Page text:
Tuesday, 31 October, 2017 UTC


Promises represent the eventual result of an asynchronous operation. They give us a way to handle asynchronous processing in a more synchronous fashion. A promise represents a value we can handle in the future, with the following guarantees:
  • promises are immutable,
  • promises are either kept or broken,
  • when a promise is kept, we are guaranteed to receive a value
  • when a promise is broken, we are guaranteed to receive the reason why the promise cannot be fulfilled

Promise states

  • pending: may transition to fulfilled or rejected
  • fulfilled (kept promise): must have a value
  • rejected (broken promise): must have a reason for rejecting the promise

Creating promises in ES6

let promise1 = new Promise( function( resolve, reject ) {
    // call resolve( value ) to resolve a promise
    // call reject( reason ) to reject a promise
} );

// Create a resolved promise
let promise2 = Promise.resolve( 5 );
When instantiating a promise, the handler function decides whether to resolve or reject the promise. When you call resolve, the promise moves to Fulfilled state. When you call reject, the promise moves to Rejected state.
Promise.resolve( value ) creates a promise that’s already resolved.

Handling the fulfilled or rejected states

Promises can be passed around as values, as function arguments, and as return values. Values and reasons for rejection can be handled by handlers inside the then method of the promise.
promise.then( onFulfilled, onRejected );
  • then may be called more than once to register multiple callbacks. The callbacks have a fixed order of execution
  • then is chainable, it returns a promise
  • if any of the arguments are not functions, they have to be ignored
  • onFulfilled is called once with the argument of the fulfilled value if it exists
  • onRejected is called once with the argument of the reason why the promise was rejected
let promisePaymentAmount = Promise.resolve( 50 );

    .then( amount => {
        amount *= 1.25;
        console.log( 'amount * 1.25: ', amount );
        return amount;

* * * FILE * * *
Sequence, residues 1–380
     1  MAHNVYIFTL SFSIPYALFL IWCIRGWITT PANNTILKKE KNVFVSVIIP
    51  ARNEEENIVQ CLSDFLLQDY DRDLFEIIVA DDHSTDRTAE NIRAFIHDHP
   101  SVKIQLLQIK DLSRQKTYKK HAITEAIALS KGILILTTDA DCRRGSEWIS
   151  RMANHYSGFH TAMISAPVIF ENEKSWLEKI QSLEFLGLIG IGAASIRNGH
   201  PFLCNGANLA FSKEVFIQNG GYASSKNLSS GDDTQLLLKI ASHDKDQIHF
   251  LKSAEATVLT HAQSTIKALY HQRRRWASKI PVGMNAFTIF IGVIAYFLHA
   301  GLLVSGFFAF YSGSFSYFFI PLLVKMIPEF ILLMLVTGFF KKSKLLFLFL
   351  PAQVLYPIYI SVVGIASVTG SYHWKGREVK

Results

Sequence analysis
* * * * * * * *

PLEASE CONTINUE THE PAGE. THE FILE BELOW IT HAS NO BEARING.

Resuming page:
} ).then( amount => {
        console.log( 'amount: ', amount );
        return amount;
    } );
Notice the return value of the callback function of the first then call. This value is passed as amount in the second then clause.
let promiseIntro = new Promise( function( resolve, reject ) {
    setTimeout( () => reject( 'Error demo' ), 2000 );

promiseIntro.then( null, error => console.log( error ) );
Instead of
promise.then( null, errorHandler );
you can also write
promise.catch( errorHandler );
to make error handling more semantic. It is best practice to always use catch for handling errors, and place it at the end of the promise handler chain. Reason: catch also catches errors thrown inside the resolved handlers. Example:
var p = Promise.resolve( 5 );

p.then( ( value ) => console.log( 'Value:', value ) )
 .then( () => { throw new Error('Error in second handler' ) } )
 .catch( ( error ) => console.log( 'Error: ', error.toString() ) );
As p is resolved, the first handler logs its value, and the second handler throws an error. The error is caught by the catch method, displaying the error message.

Handling multiple promises

Promise.all() takes an iterable object of promises. In this section, we will use arrays. Once all of them are fulfilled, it returns an array of fulfilled values. One any of the promises in the array fails, Promise.all() also fails.
var loan1 = new Promise( (resolve, reject) => { 
  setTimeout( () => resolve( 110 ) , 1000 ); 
var loan2 = new Promise((resolve, reject) => { 
  setTimeout( () => resolve( 120 ) , 2000 ); 
var loan3 = new Promise( (resolve, reject) => {
  reject( 'Bankrupt' );

Promise.all([ loan1, loan2, loan3 ]).then( value => { 
}, reason => {
} );
The output of the above code is Bankrupt, and it’s displayed immediately.